QAnon is the latest version of “the conspiracy ‘revealed’ in the most influential anti-Jewish pamphlet of all time. It was called Protocols of the Elders of Zion,” Stanton wrote in his essay. He also said QAnon is a revamped take on the blood libel, which was spread in modern times through the “Protocols.”
In fact, according to Eric Feinberg, vice president of content moderation at the Coalition for a Safer Web, which aims to combat extremism online, references to the Elders of Zion and to a “Zionist-occupied government” are common on QAnon forums. He said QAnon adherents are latching on to widespread Jewish support for Democrats, especially as the election approaches.
“In terms of Elders of Zion, calling out Hollywood, which tends to be Jewish, calling out specific Jewish congresspeople as pedophiles,” said Feinberg, describing antisemitic ideas found in QAnon. “Also, it tends to be that Jewish people align more with Democrats. They use that against us to basically say that Jews are pedophiles.”
Some of QAnon’s supporters are surely aware that they are targeting Jews. But the ideas of harvesting children’s blood and controlling the world through a secret cabal are antisemitic even if the growing numbers of QAnon adherents don’t realize it, or don’t directly refer to Jews, Teter said. These ideas are so old and established, she said, that they function as codes for antisemitism and obviate the need to mention Jews directly.
“Some of them are using antisemitic tropes even though they may not be directly talking about Jews,” she said. “There are a number of elements that they promote that are definitely coming from the vocabulary and from the cauldron, reservoir of antisemitic ideas even though they may not be saying directly that Jews are doing it.”
Teter added that these ideas will act as dog whistles for neo-Nazis and other antisemites, such that they have the effect of propagating antisemitism regardless of their original intent.
“If they are going to mention the whole package of conspiracy, of blood, of media, of money, even without mentioning Jews, you can definitely get that kind of implicit antisemitic message about controlling the media, government and whatnot,” she said. “You don’t have to be explicit and then those who know, know.”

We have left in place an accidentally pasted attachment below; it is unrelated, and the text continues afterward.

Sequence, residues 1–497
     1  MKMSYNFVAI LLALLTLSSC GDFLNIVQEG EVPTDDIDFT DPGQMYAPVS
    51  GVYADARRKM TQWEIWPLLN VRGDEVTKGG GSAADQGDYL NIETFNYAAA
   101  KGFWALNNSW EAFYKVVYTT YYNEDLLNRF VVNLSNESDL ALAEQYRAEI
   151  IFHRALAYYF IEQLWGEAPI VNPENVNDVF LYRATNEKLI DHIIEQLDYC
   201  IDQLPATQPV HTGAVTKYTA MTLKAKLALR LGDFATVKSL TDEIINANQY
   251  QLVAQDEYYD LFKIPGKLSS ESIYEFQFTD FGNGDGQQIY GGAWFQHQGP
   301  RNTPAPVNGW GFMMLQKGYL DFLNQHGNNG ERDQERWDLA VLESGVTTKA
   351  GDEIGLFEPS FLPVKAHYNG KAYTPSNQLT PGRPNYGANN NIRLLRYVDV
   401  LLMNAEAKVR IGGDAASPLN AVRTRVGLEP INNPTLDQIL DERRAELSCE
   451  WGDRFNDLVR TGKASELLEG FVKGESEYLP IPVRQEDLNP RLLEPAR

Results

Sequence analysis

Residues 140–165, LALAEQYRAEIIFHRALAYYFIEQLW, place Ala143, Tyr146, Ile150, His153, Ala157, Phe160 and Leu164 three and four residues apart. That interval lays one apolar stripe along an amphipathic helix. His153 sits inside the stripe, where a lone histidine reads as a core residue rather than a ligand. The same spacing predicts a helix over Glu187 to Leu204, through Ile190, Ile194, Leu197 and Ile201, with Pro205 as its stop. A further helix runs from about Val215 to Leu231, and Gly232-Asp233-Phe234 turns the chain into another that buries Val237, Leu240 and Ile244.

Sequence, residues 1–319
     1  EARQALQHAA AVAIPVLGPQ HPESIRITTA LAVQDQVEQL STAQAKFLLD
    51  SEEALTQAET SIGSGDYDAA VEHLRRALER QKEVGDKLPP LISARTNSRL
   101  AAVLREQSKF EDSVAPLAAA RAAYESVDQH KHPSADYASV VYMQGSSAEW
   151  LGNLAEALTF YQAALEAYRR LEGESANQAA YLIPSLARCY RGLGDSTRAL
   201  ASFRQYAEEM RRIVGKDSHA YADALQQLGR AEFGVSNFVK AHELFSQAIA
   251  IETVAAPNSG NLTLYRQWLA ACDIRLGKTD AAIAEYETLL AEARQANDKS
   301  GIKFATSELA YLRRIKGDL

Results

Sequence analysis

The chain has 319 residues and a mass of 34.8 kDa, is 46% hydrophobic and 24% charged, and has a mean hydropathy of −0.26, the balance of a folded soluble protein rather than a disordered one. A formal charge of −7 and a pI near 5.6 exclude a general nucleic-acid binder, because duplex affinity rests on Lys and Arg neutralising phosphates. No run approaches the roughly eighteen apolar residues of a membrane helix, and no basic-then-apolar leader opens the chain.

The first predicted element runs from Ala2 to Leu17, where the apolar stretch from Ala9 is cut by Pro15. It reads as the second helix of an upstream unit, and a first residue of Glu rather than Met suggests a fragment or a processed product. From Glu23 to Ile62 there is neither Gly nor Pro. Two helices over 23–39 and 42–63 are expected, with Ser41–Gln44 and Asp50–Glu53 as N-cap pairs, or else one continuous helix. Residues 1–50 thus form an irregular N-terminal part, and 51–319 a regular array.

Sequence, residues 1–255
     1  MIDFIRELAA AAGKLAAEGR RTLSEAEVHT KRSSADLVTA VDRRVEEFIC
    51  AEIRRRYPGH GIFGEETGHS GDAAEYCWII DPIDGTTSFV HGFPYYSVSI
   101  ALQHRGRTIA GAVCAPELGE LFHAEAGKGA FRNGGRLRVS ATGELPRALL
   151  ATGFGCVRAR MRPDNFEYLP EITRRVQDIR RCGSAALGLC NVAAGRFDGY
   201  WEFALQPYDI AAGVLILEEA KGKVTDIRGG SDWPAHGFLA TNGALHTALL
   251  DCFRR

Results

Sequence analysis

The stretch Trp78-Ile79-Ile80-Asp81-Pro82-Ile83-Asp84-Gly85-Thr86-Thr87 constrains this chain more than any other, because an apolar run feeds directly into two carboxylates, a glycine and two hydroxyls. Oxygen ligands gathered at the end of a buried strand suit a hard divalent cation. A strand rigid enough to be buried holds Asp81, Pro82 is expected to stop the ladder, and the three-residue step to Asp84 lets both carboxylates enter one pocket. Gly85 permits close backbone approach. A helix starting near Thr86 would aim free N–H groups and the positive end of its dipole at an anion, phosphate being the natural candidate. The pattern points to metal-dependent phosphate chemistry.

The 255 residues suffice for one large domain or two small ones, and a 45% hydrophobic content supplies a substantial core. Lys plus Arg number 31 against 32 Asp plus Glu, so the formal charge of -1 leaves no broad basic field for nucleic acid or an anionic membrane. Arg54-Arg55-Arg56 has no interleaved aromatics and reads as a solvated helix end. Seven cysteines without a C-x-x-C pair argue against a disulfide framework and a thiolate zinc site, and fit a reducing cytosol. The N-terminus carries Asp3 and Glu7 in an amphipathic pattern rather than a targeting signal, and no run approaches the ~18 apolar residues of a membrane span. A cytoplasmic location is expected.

The way that QAnon ideas tend to propagate means that large numbers of people are encountering and absorbing antisemitic tropes all the time. Feinberg said his research has found that QAnon content across social media platforms is increasingly coming from Telegram, a messaging app that also has open groups where users can see and share public content. That makes the content more easily shareable to mainstream social media platforms than, say, an entry on the extremist message board 8kun (formerly known as 8chan), and also gives rise to “a boomerang or circular ecosystem” whereby QAnon ideas move rapidly across platforms with little evidence of their origins.
The fact that certain messages on Telegram are encrypted, and that the company is based outside of the United States and therefore not fully subject to U.S. oversight, also make the messages harder to track, Feinberg said.
“The Rothschilds, all of that Elders of Zion stuff, you can actually search that on Telegram and pick that up,” he said. “They’re using it in this regard especially because Jews tend to be Democrats and they say most of the media is controlled or owned by Jewish people. So they use that against us because they believe Trump is the savior.”